The event horizon of a black hole does have a definable size. When we try to define things like this in general relativity, it gets tricky because GR doesn't have a preferred set of coordinates. However, the area of a black hole is well defined and coordinate independent. So we can certainly take the mass of a black hole and divide by its area, and get a meaningful result, but this doesn't have units of density. For a sphere in Euclidean space, it's a matter of trivial algebra to find its volume in terms of its area. But the space inside a black hole is not at all Euclidean. It isn't even static, so the volume depends on the choice of spacelike surface. A paper by Christodoulou and Rovelli, "How big is a black hole?," argues that the volume is in some sense time-dependent and can be many, many orders of magnitude larger than the Euclidean value --- in their analysis, it diverges to infinity for $t\rightarrow\infty$. So we could try to divide the black hole's mass by the volume and get some sort of average density, but it wouldn't be a well-defined, finite number.


We can't tell how matter behaves inside a black hole. I can think of at least several solutions, but there is no way to either confirm or deny them.

I'd say its most likely matter forms a sphere inside the event horizon equal to the radii of the black hole. Considering physics (as we know it) don't break down inside the black hole, matter can't travel faster than c and time is infinitely extended.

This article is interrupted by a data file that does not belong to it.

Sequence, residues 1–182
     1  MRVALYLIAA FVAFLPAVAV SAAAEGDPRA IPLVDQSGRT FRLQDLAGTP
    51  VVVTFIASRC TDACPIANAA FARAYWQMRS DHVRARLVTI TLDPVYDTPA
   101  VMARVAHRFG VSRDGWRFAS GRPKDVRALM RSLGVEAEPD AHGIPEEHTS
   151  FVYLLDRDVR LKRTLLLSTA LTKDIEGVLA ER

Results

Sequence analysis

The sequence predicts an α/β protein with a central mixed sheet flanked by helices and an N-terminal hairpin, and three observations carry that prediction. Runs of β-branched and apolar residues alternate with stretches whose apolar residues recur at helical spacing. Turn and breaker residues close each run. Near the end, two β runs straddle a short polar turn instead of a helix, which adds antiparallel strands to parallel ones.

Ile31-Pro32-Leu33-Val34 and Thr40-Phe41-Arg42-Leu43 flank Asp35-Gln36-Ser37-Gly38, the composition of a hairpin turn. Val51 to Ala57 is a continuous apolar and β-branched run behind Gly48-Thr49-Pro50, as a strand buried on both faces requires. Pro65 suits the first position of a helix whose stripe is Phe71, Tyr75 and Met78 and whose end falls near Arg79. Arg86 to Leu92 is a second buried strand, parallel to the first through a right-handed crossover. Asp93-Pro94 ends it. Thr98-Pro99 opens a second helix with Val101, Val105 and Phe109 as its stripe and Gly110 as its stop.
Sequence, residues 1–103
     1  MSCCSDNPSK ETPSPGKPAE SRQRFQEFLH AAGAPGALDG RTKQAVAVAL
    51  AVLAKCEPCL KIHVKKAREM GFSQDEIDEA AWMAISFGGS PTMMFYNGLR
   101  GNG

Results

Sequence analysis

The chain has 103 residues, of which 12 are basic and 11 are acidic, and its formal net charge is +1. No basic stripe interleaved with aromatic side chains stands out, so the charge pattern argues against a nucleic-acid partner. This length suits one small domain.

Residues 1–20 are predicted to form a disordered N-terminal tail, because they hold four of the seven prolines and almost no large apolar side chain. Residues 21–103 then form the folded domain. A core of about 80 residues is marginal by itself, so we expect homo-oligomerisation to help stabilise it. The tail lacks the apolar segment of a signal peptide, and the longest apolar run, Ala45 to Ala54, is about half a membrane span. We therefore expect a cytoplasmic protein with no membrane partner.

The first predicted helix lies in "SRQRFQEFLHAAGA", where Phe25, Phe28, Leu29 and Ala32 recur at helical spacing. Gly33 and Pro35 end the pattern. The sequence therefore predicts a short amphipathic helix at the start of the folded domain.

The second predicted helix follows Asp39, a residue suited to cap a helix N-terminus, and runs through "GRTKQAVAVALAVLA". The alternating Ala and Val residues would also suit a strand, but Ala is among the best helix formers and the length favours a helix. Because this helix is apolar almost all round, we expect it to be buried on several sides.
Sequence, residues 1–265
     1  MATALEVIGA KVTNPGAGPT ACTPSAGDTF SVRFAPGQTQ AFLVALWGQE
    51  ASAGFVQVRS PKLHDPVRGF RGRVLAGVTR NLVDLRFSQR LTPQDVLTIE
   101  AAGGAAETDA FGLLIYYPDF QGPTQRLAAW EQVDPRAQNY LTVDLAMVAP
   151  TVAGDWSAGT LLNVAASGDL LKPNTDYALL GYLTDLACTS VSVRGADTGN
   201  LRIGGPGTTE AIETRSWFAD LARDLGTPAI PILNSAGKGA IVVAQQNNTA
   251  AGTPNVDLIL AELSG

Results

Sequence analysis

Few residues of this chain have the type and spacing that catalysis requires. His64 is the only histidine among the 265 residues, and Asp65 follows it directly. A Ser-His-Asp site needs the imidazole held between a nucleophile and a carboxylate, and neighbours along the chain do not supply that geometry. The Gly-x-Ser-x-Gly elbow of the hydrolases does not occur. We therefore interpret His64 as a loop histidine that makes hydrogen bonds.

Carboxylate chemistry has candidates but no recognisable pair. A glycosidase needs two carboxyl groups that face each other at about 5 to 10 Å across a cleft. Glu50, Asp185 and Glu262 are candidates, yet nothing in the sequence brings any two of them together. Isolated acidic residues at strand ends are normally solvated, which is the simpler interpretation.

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    $\begingroup$ This is very short and vague and doesn't answer the question. $\endgroup$
    – user4552
    Commented Jun 20, 2019 at 18:44

There might be no full-fledged theory of quantum gravity, but we can speculate a little on results from whatever the true theory is. Quantizing gravity usually implies quantizing spacetime- in other words, the entire universe is grainy. It is likely that you can pack no more than about one Planck mass into each Planck volume, i.e. cubic Planck length. This works out to 5.1555e96 kg/m^3. The implication of this calculation is that all black holes will have roughly the same density, and will simply increase in real volume with increasing mass.

I know I've mentioned this on another question, but I can't find it right now.

  • 2
    $\begingroup$ -1: No it doesn't. What do you mean by "same density"? The "density" of the planck scale smoothing of the singularity? This answer is wrong. $\endgroup$
    – Ron Maimon
    Commented Nov 2, 2012 at 17:27

A black hole is a celestial body of extreme density and high gravitational pull that not reflect or emit radiation.

The process of forming a black hole is related to the evolution of some stars. As you know, a star of similar mass to the Sun ends up becoming a white dwarf, a small star with high density.

The explosion of a nova leaves behind a new star of enormous density and small volume with a diameter not exceeding 10 km., Consisting solely of neutrons.

moreover, the density of a black hole should not be the same for all, because each has a different size depending on the original mass of the collapsed star. but that there should be no doubt that this density is very high.